In the receiving system, a leakage signal Sl in which the above optical leakage signals and electrical leakage signals are combined is given by:

Sl =l sin (ωt+ψl)                      (1)

where

l: amplitude

ψl : phase

ω:ω=2πf (f being the modulation frequency)

t: time.

On the other hand, a normal signal Sd coming from the normal signal system uninfluenced by the leakage signal by way of the normal optical path which is the external distance-measuring optical path or the internal reference optical path is given by:

Sd =d sin (ωt+ψd)                      (2)

where

d: amplitude

ψd : phase

ω, t: same as in equation (1).

Therefore, the actual signal obtained by the receiving system during the distance measurement is a composite signal Sh of the leakage signal Sl and the normal signal Sd combined. If the composite signal Sh has the relationship ψld +Δψ between the phase ψl of the leakage signal and the phase of the normal signal, then ##EQU1## The above h indicates the amplitude of the composite signal Sh, and ψh indicates the phase increment due to the leakage signal in the composite signal Sh. In an optical distance-measuring apparatus obtaining a distance through the result of a phase measurement, the presence of ψh leads directly to an error.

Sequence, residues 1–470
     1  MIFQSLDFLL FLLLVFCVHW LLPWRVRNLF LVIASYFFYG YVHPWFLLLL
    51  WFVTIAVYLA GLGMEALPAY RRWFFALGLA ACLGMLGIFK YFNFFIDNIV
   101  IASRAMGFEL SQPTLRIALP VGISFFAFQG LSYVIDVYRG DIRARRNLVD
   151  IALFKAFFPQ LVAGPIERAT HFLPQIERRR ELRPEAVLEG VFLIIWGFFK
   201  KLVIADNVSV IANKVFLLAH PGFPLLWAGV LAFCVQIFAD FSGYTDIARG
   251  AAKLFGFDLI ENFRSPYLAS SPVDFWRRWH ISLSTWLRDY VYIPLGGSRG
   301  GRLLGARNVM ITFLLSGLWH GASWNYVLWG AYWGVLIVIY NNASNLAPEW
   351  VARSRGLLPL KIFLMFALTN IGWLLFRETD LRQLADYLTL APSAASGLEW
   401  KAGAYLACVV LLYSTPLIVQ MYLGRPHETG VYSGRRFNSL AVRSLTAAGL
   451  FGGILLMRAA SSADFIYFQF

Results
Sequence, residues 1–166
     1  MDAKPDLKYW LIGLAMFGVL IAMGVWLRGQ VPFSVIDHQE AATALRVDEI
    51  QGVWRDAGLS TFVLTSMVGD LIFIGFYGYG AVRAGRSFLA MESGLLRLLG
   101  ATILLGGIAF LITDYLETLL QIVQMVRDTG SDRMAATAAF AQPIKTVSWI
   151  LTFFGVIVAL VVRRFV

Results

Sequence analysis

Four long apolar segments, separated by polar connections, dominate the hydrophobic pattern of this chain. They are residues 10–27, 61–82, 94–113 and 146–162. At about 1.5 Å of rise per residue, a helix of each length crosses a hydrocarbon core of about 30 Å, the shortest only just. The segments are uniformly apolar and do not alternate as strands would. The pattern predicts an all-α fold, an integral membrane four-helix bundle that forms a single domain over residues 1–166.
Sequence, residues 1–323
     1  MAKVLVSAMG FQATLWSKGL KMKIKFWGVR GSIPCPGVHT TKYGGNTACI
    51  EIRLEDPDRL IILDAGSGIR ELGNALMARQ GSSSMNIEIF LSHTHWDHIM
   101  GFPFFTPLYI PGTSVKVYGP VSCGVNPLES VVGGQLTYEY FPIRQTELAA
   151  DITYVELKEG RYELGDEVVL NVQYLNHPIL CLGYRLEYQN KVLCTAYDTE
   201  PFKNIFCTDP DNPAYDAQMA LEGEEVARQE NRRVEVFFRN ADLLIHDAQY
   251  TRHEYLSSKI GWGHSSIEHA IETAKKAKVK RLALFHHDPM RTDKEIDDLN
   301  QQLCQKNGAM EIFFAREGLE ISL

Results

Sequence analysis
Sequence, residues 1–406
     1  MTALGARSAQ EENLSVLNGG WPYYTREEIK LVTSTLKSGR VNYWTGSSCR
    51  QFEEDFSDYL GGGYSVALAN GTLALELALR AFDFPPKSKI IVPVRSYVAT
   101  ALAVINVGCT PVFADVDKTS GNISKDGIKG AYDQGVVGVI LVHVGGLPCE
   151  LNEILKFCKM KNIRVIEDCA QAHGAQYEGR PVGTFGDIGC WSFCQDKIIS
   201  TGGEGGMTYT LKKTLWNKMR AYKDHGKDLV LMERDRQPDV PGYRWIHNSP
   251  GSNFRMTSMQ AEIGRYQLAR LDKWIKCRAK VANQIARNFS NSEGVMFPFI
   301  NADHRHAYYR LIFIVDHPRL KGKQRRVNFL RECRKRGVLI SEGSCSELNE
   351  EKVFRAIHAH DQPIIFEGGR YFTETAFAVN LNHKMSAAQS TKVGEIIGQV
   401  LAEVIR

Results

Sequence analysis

Usually the strength of the leakage signal Sl is very small when compared with the normal signal Sd so that the condition d>>l can be set between the amplitude d of the normal signal Sd and the amplitude l of the leakage signal Sl. Therefore, h, ψh in the above equation (3) are given by: ##EQU2##

ψd will vary from 0 to 2π(rad) according to the distance being measured. Therefore, as will be apparent from ψh of equation (4), the measurement error varies as a sine function of the distance being measured. The error is a maximum at l/d (rad), therefore when it is converted into a distance, the error in the measured distance θl is ##EQU3## where λ: modulated wavelength.

When, for example, a modulated wave of 15 MHz (λ=20 m) is used and the amplitude ratio l/d of the leakage signal to the normal signal is assumed to be 1/200, θl ≈8 mm and the error expressed as a sine function has a maximum of +8 mm and a minimum of -8 mm.

In an optical distance-measuring apparatus which is required to measure a distance of several kilometers accurately to millimeter units, it may be understood that the presence of a leakage signal will be serious enough to bring about a large error in the result of the distance measurement.